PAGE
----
94 of the 192 iron ore mining leases in Odisha do not have the mandatory environmental clearances. And of the 96 that have them, 75 have mined far beyond their permitted levels over the past several years, says the Justice M.B. Shah Commission report.
The exhaustive five-volume report lays bare how the mines have continued to use a loophole in the law for years and flagrantly violate environmental and other norms to pump out iron at a time when international prices of the metal are booming.
The report says 56 mining leases operated close to identified wildlife areas without adequate protection to the animals. The mandatory forest clearances had not been obtained in several cases. Waterbodies in and around 55 mines have been polluted. Water has depleted in natural streams in some cases and forestland impacted adversely in several others. A mining-project within a 10-kilometre vicinity of a protected wildlife area requires mandatory clearance from the National Board of Wildlife, which too was not obtained in several cases.
It has recommended that the entire extraction in all cases, where leases are operated without mandatory environmental clearances, be treated as illegal and the market value — domestic or export — recovered from the defaulting miners.
With no political parties raising the issue of corruption and irregularities in Odisha during the campaigning for the last Lok Sabha polls and Assembly, apprehensions are being raised if culprits will ever be brought to book.Probes into Rs 3 lakh crore mining scam have slowed down in the last couple years, raising doubts about a tacit understanding among the leaders.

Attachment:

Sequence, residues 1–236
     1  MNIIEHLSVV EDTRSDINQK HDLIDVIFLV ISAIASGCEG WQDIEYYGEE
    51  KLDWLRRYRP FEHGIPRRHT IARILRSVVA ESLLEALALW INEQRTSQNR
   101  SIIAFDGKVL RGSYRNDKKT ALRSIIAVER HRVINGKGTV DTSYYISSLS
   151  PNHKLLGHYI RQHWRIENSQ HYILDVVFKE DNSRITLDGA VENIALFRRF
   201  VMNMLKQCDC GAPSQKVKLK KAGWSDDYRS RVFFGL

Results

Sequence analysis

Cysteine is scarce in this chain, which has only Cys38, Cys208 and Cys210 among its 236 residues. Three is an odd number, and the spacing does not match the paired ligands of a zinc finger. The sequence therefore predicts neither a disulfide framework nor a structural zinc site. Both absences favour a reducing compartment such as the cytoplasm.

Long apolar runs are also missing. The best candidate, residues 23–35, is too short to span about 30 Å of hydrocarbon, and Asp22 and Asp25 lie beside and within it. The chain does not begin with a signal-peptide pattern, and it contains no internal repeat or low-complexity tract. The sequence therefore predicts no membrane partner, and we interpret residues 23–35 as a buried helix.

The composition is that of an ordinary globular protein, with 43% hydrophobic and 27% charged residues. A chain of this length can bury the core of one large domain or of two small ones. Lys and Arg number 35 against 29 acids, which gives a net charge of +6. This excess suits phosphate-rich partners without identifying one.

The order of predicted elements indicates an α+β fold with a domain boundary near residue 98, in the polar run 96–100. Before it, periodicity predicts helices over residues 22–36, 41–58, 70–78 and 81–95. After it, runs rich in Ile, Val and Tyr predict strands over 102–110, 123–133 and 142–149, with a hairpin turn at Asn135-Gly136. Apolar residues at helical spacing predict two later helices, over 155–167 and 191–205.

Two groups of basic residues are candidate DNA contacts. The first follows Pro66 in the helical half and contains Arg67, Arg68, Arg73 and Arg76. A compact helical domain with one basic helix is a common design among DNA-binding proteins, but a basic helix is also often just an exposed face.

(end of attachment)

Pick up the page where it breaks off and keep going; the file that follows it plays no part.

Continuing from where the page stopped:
The CEC, in its interim report, had revealed that a large number of mines operated in Odisha after the expiry of mining lease period on the provision of deemed extension of mining lease as no decision was taken on application filed by the lease-holders for renewal of the leases.It found that at least 163 mining leases operated without the requisite approvals under the Forest Conservation Act, 1980; environmental clearances, Air and Water Act or approved mining plans.The CEC also found that out of the 596 mines, as many as 307 mines consisted of either wholly or partly forest areas.
The Odisha government, in its reply furnished to National Mines Tribunal (NMT) in 2013 had admitted the illegalities committing in mining activities and stated that it had slapped Rs 65,000 crore penalty on 196 mine owners who allegedly indulged in illegal and over-extraction of minerals, mainly iron ore. Challenging the state government’s decision to impose penalty, many mines owners have gone to the court. However, the state government’s lack of seriousness to pursue the case has resulted in a paltry recovery of the penalty.
This apart, company played a key role in Odisha mining scam and violated Mines and Minerals Act, Mines and Minerals Regulation Act of 1957’s section 21. The company involved in illegal mining, theft and transportation. The company has violated pollution control act of 1986, air pollution control act of 1981, water pollution control act of 1974 and forest rights act of 1980.
Companies were supposed to extract mining with clearance of air and water pollution control under various acts like Environment (Protection) Act, 1986 and consent to operate under the Water (PCP) Act, 1974 and Air (PCP) Act, 1981.
The firm has been violating forest and wildlife laws .The Company, which is also creating air and water pollution while defying orders of Odisha State Pollution Control Board and Union Forest and Environment Ministry. Action should have taken against the company under Forest Conservation Act, 1980 and Odisha Forest Act-1972 and Mines and Minerals Act. But instead , the company got extension to run its closed mines.
Company which operating without valid consent to operate should have been issued closure directions or will be prosecuted as per the provisions in Water (PCP) Act, 1974 and Air(PCP) Act, 1981.While granting “consent to operate”, it will be ensured that the proponent has obtained all other statutory clearances under Forest (Conservation) Act, 1980 and Environment (Protection) Act, 1986.The Company has no respect to labour laws, they said.